The World Health Organization has released a report on microplastics in drinking water, including an early assessment of potential risks to human health.
The report says we’re all drinking microplastics, and the direct effects on the body of consuming them are not yet known. While we probably pass larger microplastic particles through our poo, smaller particles could potentially be absorbed into our organs, the report warns.
It also suggests microplastics have the potential to both carry disease-causing bacteria and help bacteria become resistant to antibiotics. It recommends drinking-water suppliers and regulators prioritise removing disease-causing bacteria and harmful chemicals from the water supply, as that would also remove microplastics from drinking water. Ultimately, the best solution is to stop polluting the world with plastics, the report says.
The SMC gathered expert comments on the report, feel free to use these comments in your reporting.
Associate Professor Duncan McGillivray, School of Chemical Sciences, University of Auckland, comments:
“Given the growing consciousness of the use of plastic, amount of plastic waste, and the microplastics formed from its breakdown, it is very timely for the WHO to release a report on microplastics in drinking water. We are more exposed to microplastics than we think. There are studies that have shown the presence of as much as 1000 particles per litre of bottled water.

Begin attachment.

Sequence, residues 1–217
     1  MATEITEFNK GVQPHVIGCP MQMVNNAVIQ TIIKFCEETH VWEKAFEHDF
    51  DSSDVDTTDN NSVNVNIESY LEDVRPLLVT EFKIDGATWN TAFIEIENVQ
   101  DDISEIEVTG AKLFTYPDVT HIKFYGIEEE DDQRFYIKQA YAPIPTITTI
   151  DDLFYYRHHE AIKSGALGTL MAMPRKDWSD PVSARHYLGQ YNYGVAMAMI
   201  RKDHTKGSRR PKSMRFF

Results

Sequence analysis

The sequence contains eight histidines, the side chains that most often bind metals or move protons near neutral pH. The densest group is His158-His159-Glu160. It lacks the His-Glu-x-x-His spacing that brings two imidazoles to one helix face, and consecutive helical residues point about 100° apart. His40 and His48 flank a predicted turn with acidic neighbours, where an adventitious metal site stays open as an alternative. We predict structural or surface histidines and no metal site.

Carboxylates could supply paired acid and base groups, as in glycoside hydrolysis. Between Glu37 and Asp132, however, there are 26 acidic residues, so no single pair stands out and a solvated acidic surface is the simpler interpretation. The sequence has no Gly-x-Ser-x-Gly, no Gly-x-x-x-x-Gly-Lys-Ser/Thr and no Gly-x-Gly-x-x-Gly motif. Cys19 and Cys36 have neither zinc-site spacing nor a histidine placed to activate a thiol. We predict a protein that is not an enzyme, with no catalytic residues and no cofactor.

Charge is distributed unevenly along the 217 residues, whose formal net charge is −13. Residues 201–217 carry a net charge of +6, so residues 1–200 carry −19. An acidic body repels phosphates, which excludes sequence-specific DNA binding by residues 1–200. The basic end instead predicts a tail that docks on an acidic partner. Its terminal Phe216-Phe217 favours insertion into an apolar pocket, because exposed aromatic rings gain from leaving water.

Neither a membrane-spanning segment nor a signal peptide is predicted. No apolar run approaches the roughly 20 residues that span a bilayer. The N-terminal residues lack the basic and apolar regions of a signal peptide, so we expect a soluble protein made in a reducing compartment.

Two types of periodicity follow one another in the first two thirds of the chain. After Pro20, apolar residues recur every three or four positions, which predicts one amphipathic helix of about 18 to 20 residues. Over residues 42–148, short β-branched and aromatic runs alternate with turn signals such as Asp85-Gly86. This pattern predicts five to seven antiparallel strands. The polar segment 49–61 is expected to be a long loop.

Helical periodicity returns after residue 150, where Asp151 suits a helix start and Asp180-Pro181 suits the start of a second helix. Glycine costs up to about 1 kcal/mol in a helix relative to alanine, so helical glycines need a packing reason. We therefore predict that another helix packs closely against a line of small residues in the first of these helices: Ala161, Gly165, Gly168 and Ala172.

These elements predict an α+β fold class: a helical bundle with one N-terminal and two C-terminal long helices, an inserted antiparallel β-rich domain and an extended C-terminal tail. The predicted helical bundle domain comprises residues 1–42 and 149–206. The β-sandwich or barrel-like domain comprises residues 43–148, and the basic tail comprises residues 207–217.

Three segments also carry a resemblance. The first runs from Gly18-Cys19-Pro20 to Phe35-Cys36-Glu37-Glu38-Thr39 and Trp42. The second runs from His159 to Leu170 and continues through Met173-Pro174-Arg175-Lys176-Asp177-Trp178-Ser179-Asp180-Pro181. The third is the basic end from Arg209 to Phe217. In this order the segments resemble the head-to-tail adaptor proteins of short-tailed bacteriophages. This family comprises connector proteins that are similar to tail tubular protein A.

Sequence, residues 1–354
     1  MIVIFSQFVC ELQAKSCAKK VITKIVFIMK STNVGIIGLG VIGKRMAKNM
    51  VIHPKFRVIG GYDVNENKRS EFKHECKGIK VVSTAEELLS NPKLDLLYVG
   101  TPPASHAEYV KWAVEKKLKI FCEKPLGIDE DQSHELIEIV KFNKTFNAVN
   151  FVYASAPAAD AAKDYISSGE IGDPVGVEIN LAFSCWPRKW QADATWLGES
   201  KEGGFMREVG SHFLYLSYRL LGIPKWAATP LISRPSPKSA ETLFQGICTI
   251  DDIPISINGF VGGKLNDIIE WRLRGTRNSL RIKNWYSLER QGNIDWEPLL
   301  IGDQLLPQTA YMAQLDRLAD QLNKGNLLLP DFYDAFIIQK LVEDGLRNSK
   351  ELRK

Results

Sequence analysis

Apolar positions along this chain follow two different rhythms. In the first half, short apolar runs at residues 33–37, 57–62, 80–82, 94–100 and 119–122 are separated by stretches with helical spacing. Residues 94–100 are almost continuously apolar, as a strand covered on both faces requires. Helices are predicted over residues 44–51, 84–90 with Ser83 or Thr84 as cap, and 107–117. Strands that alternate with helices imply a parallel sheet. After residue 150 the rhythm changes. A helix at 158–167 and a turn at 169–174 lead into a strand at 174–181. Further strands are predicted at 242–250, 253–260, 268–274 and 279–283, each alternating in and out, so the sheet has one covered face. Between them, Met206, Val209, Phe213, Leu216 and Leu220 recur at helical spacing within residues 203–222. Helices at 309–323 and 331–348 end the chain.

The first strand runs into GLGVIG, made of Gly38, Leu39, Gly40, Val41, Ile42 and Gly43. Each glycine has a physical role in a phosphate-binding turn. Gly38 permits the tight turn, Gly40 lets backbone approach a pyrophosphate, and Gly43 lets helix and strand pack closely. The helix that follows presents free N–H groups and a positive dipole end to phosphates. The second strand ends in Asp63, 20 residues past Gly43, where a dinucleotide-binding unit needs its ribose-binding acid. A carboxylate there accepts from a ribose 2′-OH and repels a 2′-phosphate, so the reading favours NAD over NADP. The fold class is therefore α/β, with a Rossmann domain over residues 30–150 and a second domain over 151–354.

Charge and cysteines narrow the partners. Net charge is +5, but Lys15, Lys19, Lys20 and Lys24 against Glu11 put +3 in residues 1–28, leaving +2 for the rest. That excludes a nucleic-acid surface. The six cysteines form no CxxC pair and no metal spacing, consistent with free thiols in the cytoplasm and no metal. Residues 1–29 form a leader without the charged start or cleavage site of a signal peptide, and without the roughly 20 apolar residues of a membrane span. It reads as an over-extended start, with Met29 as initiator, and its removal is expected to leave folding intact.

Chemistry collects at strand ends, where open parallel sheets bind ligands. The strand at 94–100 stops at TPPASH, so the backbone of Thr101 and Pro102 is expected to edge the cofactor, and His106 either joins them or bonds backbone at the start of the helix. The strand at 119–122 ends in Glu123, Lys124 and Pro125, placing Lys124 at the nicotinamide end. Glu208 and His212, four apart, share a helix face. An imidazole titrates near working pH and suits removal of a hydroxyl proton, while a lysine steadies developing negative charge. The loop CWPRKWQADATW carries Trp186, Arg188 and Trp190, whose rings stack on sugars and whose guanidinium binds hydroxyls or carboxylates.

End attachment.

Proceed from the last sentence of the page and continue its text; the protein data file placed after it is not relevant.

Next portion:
“The main message from the report is not to panic about microplastics – any potential health risk appears to be much less than other potential contaminants in drinking water such as bacteria and pollutant chemicals, and treatment systems that reduce those contaminants can do a good job of dealing with microplastics as well.
“But we should not relax either – there are too many unknowns about how microplastics impact health, and the WHO report strongly encourages further research in the area. Even the definition of microplastics is not clearly agreed on, and the biological effect of a microplastic depends on complex combinations of factors including what it’s made of, how big it is, and whatever it may have picked up as a surface coating. And overall, we just need to reduce the amount of plastic waste we are creating.
“The report also notes that even less understood are the smaller particles formed when microplastics break down – nanoplastics. When particles get to the nanometre size range (1 billionth of a metre), they can behave quite differently to bulk material – this can be very useful and is the basis of many important nanotechnologies. However, at this scale we face technological challenges to even detect them, and they are small enough to be absorbed into the body and avoid some natural biological defence mechanisms. It has already been established that nanoplastics can cause toxic effects to marine organisms, but little to nothing is known of their effects on human physiology, and this lack of knowledge should be rectified.”
Conflict of interest statement: No conflicts of interest other than current research in the area of plastic nanoparticle / cellular interactions.
Dr Olga Pantos, ESR Senior Scientist, comments:
“One thing we do know is plastic is not supposed to be in the environment.
“Whilst the focus of the impacts of microplastics has traditionally been focused on the impacts on the marine environment and human exposure through seafood, the WHO report and recent research here and overseas is starting to include fresh water, land and air.
“In New Zealand, groundwater and surface water are our major sources of drinking water. We do not have good information on the burden of microplastics in those environments, or how it is getting there.